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The Mid Drift Movement Wants You to Love Your Post-Baby Body

The Short of It

The Mid Drift Movement seeks not only to normalize women's post-baby bodies, but to help moms love their bellies, breasts, and other squishy parts.

The Lowdown

Minnesota mom-of-four and doula Angie Sonrode has a mission to change society's expectations of how a woman's body should look after pregnancy. Because let's face it ladies, not everyone can look like the celebrity moms we are so used to seeing bounce back seemingly immediately postpartum.

Sonrode had seen too many women bemoaning their bodies after baby, instead of embracing their newfound power as moms. A common sentiment she herself struggled with was, "'Wow! That's a great body EXCEPT...'"

...Except for the not-so-firm anymore belly.

...Except for the not-as-perky-now breasts.

Sonrode's goal is to help her fellow mamas love their post-baby bodies, even if they don't live up to society's definition of perfection. Part of that process includes creating a documentary film, and holding showings, with the hope that after women view the movie, they'll show off their bodies and help normalize what pregnancy really does to the female form.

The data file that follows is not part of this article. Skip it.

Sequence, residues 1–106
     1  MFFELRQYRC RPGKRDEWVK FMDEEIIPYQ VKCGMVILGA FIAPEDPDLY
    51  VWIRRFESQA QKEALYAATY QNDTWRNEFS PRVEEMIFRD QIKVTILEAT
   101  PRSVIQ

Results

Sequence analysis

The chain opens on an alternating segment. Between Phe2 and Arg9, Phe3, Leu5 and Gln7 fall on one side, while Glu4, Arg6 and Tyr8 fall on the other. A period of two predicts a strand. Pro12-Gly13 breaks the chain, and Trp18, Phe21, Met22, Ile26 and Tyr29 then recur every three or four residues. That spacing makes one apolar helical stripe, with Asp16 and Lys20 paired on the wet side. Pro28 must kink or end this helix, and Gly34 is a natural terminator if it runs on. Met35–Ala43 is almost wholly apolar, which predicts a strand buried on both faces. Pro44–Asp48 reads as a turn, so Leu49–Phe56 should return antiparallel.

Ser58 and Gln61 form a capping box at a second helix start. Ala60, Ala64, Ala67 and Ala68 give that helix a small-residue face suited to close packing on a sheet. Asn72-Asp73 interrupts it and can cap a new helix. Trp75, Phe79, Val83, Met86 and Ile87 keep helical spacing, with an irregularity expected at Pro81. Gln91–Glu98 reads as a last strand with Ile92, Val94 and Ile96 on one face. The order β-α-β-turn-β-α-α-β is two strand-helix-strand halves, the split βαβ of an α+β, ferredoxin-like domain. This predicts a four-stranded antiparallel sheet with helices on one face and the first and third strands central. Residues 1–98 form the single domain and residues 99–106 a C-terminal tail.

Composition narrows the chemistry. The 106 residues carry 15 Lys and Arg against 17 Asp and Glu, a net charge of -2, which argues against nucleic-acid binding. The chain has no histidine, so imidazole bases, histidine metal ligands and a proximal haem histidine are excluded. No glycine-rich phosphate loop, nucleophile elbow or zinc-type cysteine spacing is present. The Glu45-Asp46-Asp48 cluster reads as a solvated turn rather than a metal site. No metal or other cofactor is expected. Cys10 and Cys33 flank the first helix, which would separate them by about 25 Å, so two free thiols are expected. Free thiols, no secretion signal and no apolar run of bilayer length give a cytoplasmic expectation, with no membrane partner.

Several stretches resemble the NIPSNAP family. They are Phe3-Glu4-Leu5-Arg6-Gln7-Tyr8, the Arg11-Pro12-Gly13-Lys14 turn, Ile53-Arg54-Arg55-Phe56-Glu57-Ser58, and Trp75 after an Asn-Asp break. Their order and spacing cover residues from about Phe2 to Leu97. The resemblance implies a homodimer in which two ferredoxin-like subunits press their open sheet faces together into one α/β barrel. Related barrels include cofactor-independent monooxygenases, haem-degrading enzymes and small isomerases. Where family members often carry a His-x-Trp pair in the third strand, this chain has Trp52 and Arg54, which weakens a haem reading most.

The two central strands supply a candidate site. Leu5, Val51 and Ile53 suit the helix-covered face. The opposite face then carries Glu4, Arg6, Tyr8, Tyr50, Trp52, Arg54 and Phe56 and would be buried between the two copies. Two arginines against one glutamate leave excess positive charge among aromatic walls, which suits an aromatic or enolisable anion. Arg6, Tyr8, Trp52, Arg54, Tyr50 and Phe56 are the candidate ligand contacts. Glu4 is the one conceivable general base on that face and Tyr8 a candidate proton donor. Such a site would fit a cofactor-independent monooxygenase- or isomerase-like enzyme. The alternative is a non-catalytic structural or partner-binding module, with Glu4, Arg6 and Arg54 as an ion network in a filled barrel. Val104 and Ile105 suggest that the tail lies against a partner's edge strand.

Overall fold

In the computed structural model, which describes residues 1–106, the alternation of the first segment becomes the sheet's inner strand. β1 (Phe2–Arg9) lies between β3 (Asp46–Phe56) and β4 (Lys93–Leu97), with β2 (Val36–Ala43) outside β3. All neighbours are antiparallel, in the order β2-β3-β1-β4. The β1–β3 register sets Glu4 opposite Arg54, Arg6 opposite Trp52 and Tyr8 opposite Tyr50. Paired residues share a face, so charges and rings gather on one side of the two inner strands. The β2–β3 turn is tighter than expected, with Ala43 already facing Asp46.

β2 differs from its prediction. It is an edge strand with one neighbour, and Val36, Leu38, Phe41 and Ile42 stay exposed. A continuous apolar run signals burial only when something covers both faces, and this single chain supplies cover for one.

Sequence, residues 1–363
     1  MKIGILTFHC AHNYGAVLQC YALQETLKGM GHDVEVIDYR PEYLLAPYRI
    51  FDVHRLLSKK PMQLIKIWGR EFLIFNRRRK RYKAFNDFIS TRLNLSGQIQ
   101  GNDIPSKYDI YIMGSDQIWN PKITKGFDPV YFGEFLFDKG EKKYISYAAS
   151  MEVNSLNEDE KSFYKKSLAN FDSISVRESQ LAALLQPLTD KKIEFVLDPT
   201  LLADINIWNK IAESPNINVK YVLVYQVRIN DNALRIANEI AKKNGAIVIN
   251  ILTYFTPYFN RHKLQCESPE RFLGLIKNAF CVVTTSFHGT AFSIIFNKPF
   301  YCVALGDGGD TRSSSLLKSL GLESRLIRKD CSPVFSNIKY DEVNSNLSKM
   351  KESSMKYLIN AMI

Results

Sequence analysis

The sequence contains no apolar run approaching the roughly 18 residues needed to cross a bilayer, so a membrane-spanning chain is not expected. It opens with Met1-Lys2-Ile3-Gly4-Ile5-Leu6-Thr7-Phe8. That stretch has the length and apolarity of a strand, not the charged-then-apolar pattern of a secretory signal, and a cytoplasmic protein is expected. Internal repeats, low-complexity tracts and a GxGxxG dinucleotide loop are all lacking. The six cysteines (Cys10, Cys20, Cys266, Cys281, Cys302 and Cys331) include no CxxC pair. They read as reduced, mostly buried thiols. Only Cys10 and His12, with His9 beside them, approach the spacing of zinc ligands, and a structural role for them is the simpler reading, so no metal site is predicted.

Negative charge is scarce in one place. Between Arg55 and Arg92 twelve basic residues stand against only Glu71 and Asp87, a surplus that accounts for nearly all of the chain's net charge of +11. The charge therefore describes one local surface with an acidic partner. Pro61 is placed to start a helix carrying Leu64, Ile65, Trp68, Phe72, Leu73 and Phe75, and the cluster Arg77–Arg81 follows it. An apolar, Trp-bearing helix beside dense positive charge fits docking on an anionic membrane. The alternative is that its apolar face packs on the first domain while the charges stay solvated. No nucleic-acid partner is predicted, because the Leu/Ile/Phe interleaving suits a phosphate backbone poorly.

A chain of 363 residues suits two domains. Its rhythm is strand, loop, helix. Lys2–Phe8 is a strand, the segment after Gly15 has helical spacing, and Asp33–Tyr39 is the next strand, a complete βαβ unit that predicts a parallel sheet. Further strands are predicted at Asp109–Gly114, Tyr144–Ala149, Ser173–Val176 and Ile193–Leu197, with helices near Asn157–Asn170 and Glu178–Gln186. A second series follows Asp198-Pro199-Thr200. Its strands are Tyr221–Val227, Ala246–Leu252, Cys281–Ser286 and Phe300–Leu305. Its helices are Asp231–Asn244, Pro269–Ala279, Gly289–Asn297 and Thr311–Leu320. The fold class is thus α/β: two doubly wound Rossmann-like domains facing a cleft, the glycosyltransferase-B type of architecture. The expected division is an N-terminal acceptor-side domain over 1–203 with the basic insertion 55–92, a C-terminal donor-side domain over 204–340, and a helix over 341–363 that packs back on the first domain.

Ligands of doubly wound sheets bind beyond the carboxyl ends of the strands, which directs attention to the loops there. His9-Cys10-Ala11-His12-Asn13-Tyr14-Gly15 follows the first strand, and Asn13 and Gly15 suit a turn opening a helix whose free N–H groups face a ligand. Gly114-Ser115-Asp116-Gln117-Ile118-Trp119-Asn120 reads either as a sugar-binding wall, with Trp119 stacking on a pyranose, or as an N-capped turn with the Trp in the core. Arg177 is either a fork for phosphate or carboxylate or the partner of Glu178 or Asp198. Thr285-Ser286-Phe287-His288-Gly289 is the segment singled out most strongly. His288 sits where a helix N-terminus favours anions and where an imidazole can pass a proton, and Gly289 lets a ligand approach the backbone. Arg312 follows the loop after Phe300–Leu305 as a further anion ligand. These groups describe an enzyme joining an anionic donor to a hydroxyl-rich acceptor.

Here's a preview of the documentary:

The Upshot

As a mom of three, I was very moved by Sonrode's statement about loving your body, except for a certain part. I definitely struggle with my self-esteem after three pregnancies, and often say things like: "I feel good about myself except for my tummy, which I wish was flatter."

Maybe I'll never learn to love my tummy as much as I did before I had kids, and that's okay. But I do see the importance of accepting—and even celebrating—the skin you're in, because after all, this tummy gave me three amazing children whom I wouldn't trade for the most defined abs in the world.

Really, it's my kids who benefit the most from me loving myself. They will learn almost everything about their own self-esteem from watching me. If I can't set a good example of body confidence, how can I expect them to love their own bodies? The Mid Drift Movement couldn't be more important for that reason alone.

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